CEO Larry Ellison talks up Oracle's Sun acquisition even as hardware sales slide 23%. Software sales rise.
Oracle on Tuesday reported robust 18% growth in new software license and cloud software subscription revenues for the company's second fiscal quarter that ended November 30. It was a performance worth crowing about, yet CEO Larry Ellison confined most of his comments to Oracle's Sun hardware business, where the numbers were far from encouraging.
Second quarter hardware sales totaled $734 million, down 23% from the year-earlier result of $953 million (all figures in constant currencies). The performance was well below Oracle's own low-end guidance of an 18% year-over-year decline, yet Ellison incongruously put a positive spin on the news.
"Our $7.5 billion purchase of Sun has already proven to be the most strategic and profitable acquisition Oracle has ever made," Ellison said during a conference call with analysts after the close of the stock market on Tuesday. "Sun hardware technology has enabled us to become a leader in the highly profitable engineered system segment of the hardware business."
Sun hardware sales were in decline when the company was acquired, but Oracle accelerated that slide by getting out of the commodity X86 Intel server business. Oracle has said all along has been that fast growth in higher-margin sales of engineered systems -- Exadata, Exalogic and Exalytics -- as well as the Sparc T4 Unix server would eventually counter the drop in commodity hardware sales while buoying profitability. It appears that transition is taking longer than expected.
"The declines in the [hardware] business had been beginning to moderate; however, the more rapid declines in the August quarter and now the November quarter make it unlikely this business' growth will turn positive in the upcoming February quarter," wrote Nomura equity analyst Rick Sherlund in a research note.
Ellison told analysts hardware sales will level off in the third quarter and turn positive in the fourth quarter. Engineered systems sales surpassed 700 units during the second quarter, with a 70% increase in sequential unit bookings, according to Oracle President Mark Hurd. Unit sales may have been boosted by October's introduction of a low-cost, eighth-rack Exadata appliance introduced at Oracle OpenWorld that cut the cost of entry into the Exa-series line with a list price of $200,000.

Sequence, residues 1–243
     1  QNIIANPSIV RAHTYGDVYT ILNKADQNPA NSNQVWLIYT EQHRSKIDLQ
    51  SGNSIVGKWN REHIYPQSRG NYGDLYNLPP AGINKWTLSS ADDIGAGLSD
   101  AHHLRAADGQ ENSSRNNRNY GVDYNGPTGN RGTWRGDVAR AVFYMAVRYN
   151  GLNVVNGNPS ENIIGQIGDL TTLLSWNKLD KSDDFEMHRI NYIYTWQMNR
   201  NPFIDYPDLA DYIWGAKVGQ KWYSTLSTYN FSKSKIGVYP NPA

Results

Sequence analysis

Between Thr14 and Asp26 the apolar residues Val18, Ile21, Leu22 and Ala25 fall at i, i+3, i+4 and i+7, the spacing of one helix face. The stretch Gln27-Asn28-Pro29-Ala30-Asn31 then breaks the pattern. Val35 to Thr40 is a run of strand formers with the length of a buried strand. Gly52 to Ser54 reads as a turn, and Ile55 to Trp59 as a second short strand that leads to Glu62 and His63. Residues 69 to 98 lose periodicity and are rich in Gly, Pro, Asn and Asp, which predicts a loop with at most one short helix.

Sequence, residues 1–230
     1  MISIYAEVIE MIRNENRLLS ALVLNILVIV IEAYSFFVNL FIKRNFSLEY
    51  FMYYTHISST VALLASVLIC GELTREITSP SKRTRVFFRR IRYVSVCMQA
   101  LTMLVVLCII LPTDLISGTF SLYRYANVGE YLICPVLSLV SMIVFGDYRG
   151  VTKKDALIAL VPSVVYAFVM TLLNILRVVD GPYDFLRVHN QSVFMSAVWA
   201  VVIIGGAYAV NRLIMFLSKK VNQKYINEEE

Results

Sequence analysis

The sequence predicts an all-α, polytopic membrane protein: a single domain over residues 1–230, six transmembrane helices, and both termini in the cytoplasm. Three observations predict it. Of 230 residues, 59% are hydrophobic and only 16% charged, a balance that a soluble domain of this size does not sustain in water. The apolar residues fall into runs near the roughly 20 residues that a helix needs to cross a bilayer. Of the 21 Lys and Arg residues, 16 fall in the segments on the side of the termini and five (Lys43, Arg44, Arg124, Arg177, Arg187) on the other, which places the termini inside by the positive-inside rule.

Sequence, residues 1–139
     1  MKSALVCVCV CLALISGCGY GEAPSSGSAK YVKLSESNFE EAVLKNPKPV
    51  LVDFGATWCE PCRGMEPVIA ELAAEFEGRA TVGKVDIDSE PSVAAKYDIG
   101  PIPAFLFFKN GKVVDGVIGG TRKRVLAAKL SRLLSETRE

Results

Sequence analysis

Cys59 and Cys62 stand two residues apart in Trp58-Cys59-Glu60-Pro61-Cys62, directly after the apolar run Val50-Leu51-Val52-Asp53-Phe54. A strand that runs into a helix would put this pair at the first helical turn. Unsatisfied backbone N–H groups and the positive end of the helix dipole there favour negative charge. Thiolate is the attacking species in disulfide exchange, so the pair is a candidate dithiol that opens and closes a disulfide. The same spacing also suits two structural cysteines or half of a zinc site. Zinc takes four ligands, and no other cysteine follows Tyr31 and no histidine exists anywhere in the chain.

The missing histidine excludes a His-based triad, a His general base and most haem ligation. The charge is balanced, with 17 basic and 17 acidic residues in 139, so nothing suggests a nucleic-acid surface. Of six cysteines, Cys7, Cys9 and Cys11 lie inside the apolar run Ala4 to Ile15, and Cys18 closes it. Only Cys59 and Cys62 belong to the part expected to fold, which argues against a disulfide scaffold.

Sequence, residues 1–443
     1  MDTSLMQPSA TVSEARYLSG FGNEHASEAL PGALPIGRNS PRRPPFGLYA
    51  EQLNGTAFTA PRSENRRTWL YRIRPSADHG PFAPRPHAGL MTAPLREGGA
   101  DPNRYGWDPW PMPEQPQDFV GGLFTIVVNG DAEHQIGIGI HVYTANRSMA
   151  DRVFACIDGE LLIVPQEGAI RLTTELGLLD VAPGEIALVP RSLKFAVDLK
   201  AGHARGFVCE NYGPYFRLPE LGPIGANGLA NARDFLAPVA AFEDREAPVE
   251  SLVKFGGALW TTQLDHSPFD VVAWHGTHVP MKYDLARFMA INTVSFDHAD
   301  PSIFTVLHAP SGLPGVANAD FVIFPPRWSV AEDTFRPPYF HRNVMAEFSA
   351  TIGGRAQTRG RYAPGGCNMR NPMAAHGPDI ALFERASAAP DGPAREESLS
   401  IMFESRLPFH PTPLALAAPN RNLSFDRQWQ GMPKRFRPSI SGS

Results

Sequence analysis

The most encouraging results for Oracle in 2Q were on the software front, with new software license and subscription sales hitting $2.39 billion, up 18% from $2.04 billion a year earlier. Software license update and product support revenues (otherwise known as maintenance fees) totaled $4.26 billion, up 8% from $3.98 billion in the year-earlier period.
Oracle's total revenues on the quarter were $9.09 billion, up 5% from $8.79 a year earlier measures in constant currencies. By region, sales were up 22% in the Americas, 13% in the Asia-Pacific region, and 12% in Europe, the Middle East and Africa. Oracle's database, middleware and application revenues were all up by double digits, according to Hurd, but the bright spot was Oracle applications, up 30%. Cloud application wins included Abercrombie & Fitch, Emirates Air, Expedia, Macy's and United Airlines. Engineered systems customer wins included China Mobile, Facebook, Time Warner Cable, Chevron, Vodaphone and Walmart.
Looking toward the third quarter, Oracle President and CFO Safra Catz projected new software and subscription sales would increase 4% to 14%. Hardware sales are expected to be negative 10% to flat, Catz said, putting Ellison's 3Q prediction at the top end of company guidance. Total revenue in the third quarter is expected to grow 2% to 6%.
Reminding analysts that the Sun purchase wasn't just about hardware, Ellison also pointed out that Oracle gained Java through that deal. "Today our Java business is booming, growing over 34% this past quarter," Ellison said. He also noted that engineered systems are bundled with Oracle software, which is where the margins are realized.
As is the case with the Exa-series products and other hardware, Oracle does not break out revenue or profit margins for Java, so it's tough to validate Ellison's claim that Sun has been Oracle's best acquisition ever. Is it more profitable and strategic than, say, Peoplesoft, Siebel or Hyperion, software businesses that have extended Oracle's reach into ERP, business intelligence, analytics and financial analysis? Time will tell.
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